2. Television: I’m way behind on my programming. I’ve actually had to delete things from my Tivo UNWATCHED to make space for more critical shows. Which presents a horrible conundrum for me: though I have yet to watch the HD version of “The Science of Sleep,” I had intended to watch it someday. Will it be on again in the future? Can I really risk deleting it in favor of an episode of Project Runway?
Which leads to my next concern: as far behind as I am on my regular series, I’m completely in the dark when it comes to reality shows. This might not seem grave to some of you, but when my husband has a better idea of who might win “So You Think You Can Dance” than I do, things have gone horribly awry.

3. Company: I can pretty much guarantee that if you do more than a few tour stops with the same author, the two of you will quickly adopt the worst attributes of an old married couple. So it was with Simon Wood and I. Early on, we found each other charming. He chuckled at my “accidentally killed off my main character” story, I gasped during his “trapped at an underground fight club in Tulsa” anecdote. But the bloom quickly faded, and by week three we were sniping at each other, rolling our eyes, and generally behaving like the main characters in “The War of the Roses.”

4. Family: Granted, this should have come first. You know things are getting bad when your kid stops recognizing you. All right, I’m exaggerating (I am a writer, after all) but after being gone for five days, then heading out for a different corner of the Bay Area every night, it does become a little surreal. Plus, I reflexively tried to sign my name on my toddler the other day. Not good.

5. Beds: Of course, at times the beds have been the least of my problems. There was, for example, the Days Inn behind the strip club in San Diego, with all sorts of sketchy characters lurking in the corridor outside my room. But a month of sleeping on strange beds does tend to wreak havoc on my spine.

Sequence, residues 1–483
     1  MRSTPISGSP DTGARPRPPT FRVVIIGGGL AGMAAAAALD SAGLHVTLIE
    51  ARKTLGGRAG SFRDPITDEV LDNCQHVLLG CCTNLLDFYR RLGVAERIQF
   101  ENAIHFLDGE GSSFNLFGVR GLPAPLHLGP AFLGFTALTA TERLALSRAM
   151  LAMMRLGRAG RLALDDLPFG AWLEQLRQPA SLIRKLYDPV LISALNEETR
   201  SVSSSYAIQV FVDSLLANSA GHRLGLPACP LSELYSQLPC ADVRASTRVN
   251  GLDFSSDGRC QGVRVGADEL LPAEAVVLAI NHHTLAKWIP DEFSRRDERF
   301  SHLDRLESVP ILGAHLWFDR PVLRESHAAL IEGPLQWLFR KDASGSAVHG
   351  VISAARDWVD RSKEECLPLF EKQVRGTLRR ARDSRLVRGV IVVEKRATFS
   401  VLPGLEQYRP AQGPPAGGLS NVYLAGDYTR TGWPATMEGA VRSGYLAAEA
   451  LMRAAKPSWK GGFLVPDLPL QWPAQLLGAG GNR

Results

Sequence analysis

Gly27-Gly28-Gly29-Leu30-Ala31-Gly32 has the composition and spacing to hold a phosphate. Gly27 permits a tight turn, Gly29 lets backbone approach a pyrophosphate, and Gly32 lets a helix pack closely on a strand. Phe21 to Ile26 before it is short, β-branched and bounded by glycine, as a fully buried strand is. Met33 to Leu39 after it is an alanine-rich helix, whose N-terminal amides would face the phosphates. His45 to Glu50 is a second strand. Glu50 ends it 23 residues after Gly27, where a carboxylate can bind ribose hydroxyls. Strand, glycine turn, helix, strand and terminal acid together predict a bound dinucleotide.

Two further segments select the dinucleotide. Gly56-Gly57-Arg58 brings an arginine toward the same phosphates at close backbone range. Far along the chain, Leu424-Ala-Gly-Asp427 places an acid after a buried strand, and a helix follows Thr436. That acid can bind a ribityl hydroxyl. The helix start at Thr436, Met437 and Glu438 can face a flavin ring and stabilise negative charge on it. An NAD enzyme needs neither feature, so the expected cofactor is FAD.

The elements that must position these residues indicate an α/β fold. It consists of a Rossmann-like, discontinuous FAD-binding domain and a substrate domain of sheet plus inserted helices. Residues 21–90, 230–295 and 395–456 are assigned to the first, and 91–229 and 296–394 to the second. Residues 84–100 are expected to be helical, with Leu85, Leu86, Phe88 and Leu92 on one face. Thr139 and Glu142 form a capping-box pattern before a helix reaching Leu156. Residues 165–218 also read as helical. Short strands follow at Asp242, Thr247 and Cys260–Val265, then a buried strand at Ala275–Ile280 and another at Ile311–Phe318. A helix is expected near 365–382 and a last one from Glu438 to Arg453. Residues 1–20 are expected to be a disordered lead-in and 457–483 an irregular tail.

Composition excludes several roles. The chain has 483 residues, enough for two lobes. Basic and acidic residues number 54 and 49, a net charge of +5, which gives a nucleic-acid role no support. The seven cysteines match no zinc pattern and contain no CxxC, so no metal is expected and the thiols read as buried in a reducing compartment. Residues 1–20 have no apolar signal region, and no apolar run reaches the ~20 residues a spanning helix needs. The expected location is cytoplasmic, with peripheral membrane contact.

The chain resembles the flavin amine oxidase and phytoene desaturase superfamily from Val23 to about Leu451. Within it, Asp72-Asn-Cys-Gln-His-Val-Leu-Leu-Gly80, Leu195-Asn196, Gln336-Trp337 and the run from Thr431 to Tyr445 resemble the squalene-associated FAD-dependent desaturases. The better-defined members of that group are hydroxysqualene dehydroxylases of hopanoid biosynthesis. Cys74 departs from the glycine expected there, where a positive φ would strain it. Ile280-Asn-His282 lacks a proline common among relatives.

6. Flights: I’m not a nervous flyer; in fact I used to look forward to getting on a plane and going somewhere exotic. Now that I’ve spent the past four weekends getting on and off planes, I have a few…let’s call them helpful suggestions…for the airlines. For instance, why not take off on time? I swear, I haven’t been on a trip in over six months that didn’t experience a two-to-five hour delay at the airport (or better yet, on the tarmac). And hey, is it really so difficult to have some form of nourishment available? I’ll pay for it; I would just love to be able to purchase that twenty-dollar mealy sandwich on the plane if I didn’t have the opportunity to grab one during my two mile-long sprint from gate 1 to gate 50 as I changed flights. And while we’re on the subject, consider turning off the seatbelt sign from time to time (an especially good idea during that three hour-long stint on the tarmac). When the person next to you maintains a running monologue on the size of their bladder, as the flight crew flips through celebrity rags and growls at anyone attempting to get out of their seats, it becomes abundantly clear that the glory days of civilian jetsetting have drawn to a tragic close.

So, anyone else have war stories to share? Best comment receives a signed edition of my first thriller THE TUNNELS. If you don’t win, console yourself by signing up for my newsletter at and I’ll toss your name in the hat for an Amazon Kindle, iPod Shuffle, Starbucks gift certificates, and other fabulous prizes.

Michelle Gagnon is a former modern dancer, bartender, dog walker, model, personal trainer, and Russian supper club performer. Her debut thriller The Tunnels was an IMBA bestseller. Her latest book, Boneyard, depicts a cat and mouse game between dueling serial killers. In her spare time she frantically watches television in an attempt to make room on her tivo drive.